Governments should turn to professional providers of alerting systems

Government and business both have increasing compliance requirements across the board to communicate with the public and their employees in emergency or disruption situations. Now there are tools that can make that process simple and those with the responsibility need to take advantage of them.

The French government has pioneered this approach using the latest mobile app technology and have developed an app to communicate with the public in situations of extreme and immediate urgency, such as terrorist attacks. They should be given credit for doing so. The app was created after last year’s terrorist attacks in Paris and launched in time for the Euro 2016 football tournament, held in France, where it was not used.

But along with the praise has now come criticism following the reported failure of the emergency notification app, SAIP, to send out an alert to users in the Nice area until well after the recent terrorist attack there had finished. The app is an EMNS product, designed to provide rapid mass notification to users of an impending or ongoing terrorist attack or other emergency event. The Nice truck attack is exactly the kind of scenario that it was supposedly designed for, yet it seems to have failed in the one task for which it was created. The alert did actually go out, but reportedly not until two hours after the attack had finished.

This event offers an instructive warning to providers of EMNS. The scenario we are now facing, with organised groups of terrorists using firearms, explosives and even vehicles to wreak mayhem on civilian populations, is one we have not encountered before. The failure of the SAIP app in Nice was disturbing, but the event itself lasted only a few minutes and probably fell into the category of events where the threat to life was immediate and unstoppable.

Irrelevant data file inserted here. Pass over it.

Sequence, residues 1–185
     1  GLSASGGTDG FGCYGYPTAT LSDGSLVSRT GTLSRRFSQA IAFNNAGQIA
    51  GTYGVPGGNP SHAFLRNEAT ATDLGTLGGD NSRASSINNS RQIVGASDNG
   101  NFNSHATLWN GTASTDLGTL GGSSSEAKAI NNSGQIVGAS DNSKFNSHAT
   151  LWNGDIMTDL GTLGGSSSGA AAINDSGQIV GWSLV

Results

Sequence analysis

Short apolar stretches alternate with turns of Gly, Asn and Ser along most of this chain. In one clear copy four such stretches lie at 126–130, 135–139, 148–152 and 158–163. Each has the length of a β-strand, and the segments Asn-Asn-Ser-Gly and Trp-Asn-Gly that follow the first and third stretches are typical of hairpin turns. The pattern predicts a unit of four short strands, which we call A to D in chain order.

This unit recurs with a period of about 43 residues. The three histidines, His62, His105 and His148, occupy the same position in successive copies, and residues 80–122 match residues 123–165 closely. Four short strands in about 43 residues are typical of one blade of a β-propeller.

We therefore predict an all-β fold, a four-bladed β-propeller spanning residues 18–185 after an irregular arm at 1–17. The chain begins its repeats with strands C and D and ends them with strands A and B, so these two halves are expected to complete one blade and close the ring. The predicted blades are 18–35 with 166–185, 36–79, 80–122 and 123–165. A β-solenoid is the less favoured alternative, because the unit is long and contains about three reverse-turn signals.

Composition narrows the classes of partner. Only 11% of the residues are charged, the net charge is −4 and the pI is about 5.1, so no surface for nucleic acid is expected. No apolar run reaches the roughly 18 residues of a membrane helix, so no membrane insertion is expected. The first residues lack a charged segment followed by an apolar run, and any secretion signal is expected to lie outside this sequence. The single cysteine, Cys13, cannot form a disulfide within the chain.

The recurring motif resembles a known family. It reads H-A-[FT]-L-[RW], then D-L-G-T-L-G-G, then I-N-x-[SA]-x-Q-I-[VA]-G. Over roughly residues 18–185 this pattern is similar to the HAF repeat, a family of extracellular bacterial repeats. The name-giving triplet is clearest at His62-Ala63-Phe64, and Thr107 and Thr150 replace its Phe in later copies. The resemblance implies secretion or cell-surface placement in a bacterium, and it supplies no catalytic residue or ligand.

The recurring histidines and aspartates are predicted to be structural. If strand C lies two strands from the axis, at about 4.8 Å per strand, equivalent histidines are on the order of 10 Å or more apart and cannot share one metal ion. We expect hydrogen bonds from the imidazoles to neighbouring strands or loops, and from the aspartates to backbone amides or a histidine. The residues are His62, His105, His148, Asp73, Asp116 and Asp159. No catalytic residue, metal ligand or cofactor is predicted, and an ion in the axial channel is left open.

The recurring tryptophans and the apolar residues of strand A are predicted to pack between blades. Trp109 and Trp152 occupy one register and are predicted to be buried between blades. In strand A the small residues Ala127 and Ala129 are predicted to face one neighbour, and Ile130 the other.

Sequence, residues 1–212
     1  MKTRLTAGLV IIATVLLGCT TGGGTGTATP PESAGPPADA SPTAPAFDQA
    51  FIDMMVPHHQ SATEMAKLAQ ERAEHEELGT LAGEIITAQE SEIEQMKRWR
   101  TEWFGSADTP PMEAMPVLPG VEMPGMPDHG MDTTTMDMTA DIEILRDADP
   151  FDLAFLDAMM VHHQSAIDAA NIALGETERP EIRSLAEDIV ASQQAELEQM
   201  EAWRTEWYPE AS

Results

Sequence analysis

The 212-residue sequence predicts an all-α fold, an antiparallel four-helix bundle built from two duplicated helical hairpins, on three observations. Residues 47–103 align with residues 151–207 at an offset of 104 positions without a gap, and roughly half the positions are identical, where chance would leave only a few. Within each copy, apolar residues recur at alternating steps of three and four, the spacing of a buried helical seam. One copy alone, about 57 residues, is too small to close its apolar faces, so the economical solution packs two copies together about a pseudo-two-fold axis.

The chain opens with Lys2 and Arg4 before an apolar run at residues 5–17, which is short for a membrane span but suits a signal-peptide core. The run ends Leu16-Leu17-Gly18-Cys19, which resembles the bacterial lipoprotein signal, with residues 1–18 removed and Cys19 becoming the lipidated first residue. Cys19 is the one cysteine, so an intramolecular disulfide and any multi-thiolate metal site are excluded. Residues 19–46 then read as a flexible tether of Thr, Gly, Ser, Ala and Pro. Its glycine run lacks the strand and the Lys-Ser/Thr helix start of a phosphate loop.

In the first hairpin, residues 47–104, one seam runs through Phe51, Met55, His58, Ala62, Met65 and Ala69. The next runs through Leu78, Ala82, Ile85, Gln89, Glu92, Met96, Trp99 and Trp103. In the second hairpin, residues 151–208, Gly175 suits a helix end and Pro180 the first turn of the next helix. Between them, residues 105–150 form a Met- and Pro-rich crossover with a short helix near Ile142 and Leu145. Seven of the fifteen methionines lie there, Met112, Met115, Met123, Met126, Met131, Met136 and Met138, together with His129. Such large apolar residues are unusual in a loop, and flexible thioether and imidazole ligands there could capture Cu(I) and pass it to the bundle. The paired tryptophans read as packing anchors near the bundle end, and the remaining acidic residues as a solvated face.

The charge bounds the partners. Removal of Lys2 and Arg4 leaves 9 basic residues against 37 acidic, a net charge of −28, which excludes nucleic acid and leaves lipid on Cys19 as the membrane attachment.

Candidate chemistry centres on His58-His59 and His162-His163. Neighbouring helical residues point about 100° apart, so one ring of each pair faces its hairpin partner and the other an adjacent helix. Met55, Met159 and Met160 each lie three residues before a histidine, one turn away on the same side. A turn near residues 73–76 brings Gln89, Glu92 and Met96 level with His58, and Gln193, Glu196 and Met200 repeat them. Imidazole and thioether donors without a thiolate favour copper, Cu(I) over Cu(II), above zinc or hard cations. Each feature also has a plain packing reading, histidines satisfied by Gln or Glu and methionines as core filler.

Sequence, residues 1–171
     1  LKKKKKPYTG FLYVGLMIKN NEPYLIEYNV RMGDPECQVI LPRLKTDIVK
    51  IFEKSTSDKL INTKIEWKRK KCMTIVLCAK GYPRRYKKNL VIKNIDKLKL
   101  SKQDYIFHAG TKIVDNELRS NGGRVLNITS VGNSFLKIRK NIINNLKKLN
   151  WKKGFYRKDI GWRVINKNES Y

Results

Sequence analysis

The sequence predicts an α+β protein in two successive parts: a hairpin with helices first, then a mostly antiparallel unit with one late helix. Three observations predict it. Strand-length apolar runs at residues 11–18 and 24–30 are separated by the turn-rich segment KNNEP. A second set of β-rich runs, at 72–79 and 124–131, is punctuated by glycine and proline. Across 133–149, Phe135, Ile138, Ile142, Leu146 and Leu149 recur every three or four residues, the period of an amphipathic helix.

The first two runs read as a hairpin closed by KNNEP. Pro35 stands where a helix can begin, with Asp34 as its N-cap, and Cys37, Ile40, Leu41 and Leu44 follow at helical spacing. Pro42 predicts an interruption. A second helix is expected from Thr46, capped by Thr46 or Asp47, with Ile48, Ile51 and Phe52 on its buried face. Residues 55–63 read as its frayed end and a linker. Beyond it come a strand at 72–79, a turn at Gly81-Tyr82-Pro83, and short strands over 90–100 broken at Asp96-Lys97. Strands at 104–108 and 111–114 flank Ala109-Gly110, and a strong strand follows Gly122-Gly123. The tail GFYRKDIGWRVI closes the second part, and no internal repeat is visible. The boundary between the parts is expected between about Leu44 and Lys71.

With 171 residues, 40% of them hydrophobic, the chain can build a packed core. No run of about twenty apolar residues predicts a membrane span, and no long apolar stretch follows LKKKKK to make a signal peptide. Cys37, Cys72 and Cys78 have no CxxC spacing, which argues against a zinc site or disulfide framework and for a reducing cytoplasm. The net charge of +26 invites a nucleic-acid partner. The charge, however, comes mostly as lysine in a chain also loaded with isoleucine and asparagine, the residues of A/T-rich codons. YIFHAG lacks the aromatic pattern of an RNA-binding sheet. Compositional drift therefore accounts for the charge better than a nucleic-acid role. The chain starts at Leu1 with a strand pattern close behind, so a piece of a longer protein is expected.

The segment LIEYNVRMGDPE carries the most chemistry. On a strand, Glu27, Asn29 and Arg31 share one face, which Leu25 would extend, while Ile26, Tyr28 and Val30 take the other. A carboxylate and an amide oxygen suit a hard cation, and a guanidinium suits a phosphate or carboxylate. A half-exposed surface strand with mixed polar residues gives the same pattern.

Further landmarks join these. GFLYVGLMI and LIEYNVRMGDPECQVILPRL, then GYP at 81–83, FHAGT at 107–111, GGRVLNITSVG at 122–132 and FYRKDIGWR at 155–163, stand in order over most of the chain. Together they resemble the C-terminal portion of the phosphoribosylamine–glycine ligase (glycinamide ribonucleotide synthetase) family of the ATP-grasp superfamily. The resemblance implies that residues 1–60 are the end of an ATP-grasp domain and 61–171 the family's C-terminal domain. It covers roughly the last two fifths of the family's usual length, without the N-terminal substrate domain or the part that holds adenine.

Even if the app had launched an alert within five minutes of the threat becoming apparent, it would already have been too late to effectively warn potential victims. This is not to say that such a warning would have been very useful in the immediate aftermath, to inform the crowds, counter rumours and direct them away from the scene or towards RVPs.

Those of us in the EMNS industry must be careful what we claim. No business or even government can offer absolute guarantees in such a situation. What we can do is to offer to improve the odds of survival, allow two-way communications with those in the vicinity of the incident and reduce the impact of the aftermath by calming the situation and directing survivors.

Multiple communications channels, that allow SMS and push notifications as well as phone calls, will improve the odds in the event that the mobile network is temporarily overwhelmed. Cloud-hosted services will help by avoiding the danger that comes from physical servers located close to the incident itself. Also, of vital importance is to test your communications regularly to ensure that when they are needed for real any bugs have already been identified and eliminated.

Crises Control offers all of these functions, as do other providers. Governments and other public sector organisations need to consider turning to such professional and experienced providers rather than simply trying to create new products for themselves. Such products are tried and tested and less likely to fail. There can be no guarantees, but you have a duty of care to your employees to take what steps you can to improve the odds should something terrible happen.

Rickie Sehgal